As the newest season of RuPaul’s Drag Race begins, the first Canadian contestant on the franchise, Brooke Lynn Hytes, is dealing with her past on social media.
In a 2013 Instagram post that has since been removed, Hytes appeared with another drag queen, who was in blackface.
“It recently came to my attention that an old photo of me with another drag queen who is in black face surfaced,” Hytes wrote in an Instagram post this week. “I had posted the photo to my Instagram in 2014 and I included the hashtag ‘blackface.’ This post was irresponsible on my part; it was rooted in ignorance and came from a place of naivety and privilege.”
The news came only weeks after season 11 contestant Ariel Versace made a statement addressing her own 2014 performance, which recreated the events of 9/11 for comedic effect.
In 2013, the Toronto-based drag queen Daytona Bitch performed at Crews & Tango, a local drag bar that hosts its own “Drag Race.” According to Daily Xtra, Bitch was a judge for that year’s event and turned up to a Caribbean Heat-themed night dressed up as Miss Cleo. Along with a headwrap and presumed Caribbean stylings, Bitch had darkened the appearance of her skin. According to reports, Bitch went further and tagged an image of herself from the night with the word “racist.” Backlash on Facebook caught on before the night had ended. Two days later, her gig performing at Pride Toronto was cancelled.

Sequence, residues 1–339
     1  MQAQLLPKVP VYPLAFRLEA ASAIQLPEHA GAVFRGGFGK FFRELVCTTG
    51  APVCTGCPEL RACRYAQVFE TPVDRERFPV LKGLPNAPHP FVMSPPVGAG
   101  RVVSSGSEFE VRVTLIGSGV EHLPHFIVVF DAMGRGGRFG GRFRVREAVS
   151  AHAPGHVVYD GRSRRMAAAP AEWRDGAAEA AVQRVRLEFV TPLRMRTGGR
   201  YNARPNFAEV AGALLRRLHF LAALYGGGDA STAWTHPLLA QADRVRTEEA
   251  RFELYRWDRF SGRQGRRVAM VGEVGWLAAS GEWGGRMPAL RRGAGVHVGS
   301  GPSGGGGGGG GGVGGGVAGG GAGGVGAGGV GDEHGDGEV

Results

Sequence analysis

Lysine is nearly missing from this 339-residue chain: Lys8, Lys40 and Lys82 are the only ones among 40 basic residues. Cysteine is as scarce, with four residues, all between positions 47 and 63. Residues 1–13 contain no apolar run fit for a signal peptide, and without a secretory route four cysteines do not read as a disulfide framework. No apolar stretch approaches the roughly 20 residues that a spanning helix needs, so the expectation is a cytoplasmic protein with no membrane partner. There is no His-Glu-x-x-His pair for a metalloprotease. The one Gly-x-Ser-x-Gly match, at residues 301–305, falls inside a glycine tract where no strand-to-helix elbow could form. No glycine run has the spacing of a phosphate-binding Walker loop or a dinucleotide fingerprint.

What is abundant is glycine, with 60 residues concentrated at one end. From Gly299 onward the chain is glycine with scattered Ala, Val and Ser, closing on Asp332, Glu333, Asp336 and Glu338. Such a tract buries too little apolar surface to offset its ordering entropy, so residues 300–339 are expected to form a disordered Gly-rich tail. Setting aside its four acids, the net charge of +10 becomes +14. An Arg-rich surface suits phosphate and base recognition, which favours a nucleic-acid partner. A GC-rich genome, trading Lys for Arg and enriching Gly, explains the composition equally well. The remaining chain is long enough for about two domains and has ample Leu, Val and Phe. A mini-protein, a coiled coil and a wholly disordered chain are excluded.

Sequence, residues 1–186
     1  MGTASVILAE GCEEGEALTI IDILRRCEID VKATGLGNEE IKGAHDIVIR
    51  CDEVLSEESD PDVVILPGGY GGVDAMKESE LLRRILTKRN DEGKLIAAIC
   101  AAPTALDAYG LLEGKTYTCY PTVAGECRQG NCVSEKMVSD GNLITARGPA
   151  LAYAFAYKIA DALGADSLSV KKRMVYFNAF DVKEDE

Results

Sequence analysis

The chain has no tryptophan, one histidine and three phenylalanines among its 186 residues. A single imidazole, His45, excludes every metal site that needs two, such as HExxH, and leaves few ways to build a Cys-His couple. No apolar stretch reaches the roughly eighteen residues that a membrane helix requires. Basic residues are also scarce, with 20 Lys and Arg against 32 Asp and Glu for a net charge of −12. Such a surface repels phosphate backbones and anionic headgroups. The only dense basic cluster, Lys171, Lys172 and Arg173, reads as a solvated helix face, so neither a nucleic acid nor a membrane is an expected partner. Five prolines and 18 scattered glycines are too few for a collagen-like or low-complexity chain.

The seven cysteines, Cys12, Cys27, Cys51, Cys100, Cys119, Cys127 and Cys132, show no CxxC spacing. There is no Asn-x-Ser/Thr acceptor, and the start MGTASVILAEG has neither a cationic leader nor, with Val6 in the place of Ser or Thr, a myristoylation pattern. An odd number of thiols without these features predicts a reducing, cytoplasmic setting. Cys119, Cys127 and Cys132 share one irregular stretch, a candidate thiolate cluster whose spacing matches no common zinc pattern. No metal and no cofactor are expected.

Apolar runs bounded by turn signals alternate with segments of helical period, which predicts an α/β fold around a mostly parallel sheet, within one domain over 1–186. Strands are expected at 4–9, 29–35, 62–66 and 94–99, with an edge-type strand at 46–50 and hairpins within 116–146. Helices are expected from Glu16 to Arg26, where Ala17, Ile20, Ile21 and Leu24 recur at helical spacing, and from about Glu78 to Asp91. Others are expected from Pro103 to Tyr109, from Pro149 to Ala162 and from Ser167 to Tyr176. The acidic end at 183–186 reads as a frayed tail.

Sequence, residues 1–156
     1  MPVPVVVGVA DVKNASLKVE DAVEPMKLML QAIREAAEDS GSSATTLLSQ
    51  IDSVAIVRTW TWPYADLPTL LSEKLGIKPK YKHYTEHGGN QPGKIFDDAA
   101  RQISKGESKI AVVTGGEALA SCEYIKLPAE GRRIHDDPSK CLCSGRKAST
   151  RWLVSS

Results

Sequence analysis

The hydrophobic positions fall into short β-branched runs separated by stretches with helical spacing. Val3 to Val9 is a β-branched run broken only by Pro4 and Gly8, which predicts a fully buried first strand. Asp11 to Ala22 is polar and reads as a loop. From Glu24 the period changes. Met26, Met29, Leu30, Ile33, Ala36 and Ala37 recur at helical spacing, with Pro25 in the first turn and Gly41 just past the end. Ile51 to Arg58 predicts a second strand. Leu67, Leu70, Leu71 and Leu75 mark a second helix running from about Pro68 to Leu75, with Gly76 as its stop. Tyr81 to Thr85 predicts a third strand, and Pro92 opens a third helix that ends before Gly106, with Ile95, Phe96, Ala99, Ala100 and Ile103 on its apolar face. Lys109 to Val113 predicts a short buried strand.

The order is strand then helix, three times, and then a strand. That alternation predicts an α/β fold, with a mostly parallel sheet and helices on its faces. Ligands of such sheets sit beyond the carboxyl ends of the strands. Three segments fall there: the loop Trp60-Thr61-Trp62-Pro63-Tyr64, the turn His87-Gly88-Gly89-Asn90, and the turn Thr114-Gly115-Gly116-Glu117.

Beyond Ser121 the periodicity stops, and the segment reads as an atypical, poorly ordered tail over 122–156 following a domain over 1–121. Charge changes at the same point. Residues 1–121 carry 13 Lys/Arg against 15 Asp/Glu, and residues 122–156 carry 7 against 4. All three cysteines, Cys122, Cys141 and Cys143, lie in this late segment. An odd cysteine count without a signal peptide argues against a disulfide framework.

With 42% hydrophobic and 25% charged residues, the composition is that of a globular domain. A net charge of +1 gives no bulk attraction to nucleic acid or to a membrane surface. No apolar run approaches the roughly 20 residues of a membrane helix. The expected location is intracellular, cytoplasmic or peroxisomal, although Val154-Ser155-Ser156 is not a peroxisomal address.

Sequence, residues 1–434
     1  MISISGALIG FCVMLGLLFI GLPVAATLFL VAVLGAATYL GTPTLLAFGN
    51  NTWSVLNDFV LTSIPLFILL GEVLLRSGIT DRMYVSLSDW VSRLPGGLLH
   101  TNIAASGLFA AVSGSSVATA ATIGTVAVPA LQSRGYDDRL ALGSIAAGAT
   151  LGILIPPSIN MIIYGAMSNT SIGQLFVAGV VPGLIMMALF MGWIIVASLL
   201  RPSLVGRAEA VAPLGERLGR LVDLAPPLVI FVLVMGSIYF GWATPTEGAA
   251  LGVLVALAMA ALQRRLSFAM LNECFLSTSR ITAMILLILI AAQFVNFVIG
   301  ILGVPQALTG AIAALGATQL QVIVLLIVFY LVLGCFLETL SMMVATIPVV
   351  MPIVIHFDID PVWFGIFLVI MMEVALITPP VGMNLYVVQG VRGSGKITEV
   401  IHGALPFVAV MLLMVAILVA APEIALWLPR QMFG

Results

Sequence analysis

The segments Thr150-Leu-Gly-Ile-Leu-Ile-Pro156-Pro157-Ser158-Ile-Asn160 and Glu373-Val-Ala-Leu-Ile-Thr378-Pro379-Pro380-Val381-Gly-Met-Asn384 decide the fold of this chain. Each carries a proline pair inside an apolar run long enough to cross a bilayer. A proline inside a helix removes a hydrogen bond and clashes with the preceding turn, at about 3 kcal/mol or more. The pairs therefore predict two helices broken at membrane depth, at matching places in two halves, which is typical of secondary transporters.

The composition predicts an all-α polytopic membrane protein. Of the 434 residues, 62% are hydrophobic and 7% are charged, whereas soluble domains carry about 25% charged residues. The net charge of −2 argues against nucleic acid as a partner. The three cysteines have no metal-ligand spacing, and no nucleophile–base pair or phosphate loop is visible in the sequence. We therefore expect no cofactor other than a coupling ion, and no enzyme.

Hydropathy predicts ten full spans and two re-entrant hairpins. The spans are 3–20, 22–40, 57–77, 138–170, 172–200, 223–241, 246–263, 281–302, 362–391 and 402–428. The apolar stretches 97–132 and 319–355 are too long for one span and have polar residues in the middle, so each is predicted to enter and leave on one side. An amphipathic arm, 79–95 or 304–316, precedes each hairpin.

Hytes’ resurfaced selfie with Bitch, seems to originate from from this night as she attended the event.
“I take responsibility for this and deeply apologize to everyone,” she wrote. She did not appear in blackface in the image. “In the six years since the post I have learned, grown and evolved as a person and I am ashamed that this less informed version of myself might be some followers’ first impression of me and what I stand for. That post was an uninformed mistake that is not indicative of my politics or beliefs. However, my lack of understanding back then is no excuse. I know I should have done better at that time.”
The statement is a curious one. While Hytes may have certainly grown and evolved as a person — she was Miss Continental 2014, a renowned title in drag pageantry, shortly after — this criticism would have been, and was, present at the time of the post, directed at Bitch. The insinuation that Hytes may not have known that something was awry at the time, when Bitch was dropped from gigs for this very thing, seems illogical.
“Please let me reiterate that I absolutely do not condone any form of racism, including but not limited to black face and it saddens me to think about how I have contributed to those harmful ideals in the past,” she wrote in her statement. “I hope you can accept my sincerest apology and give me a chance to show you who I truly am today and to move forward a kinder, more critically aware artist and person.”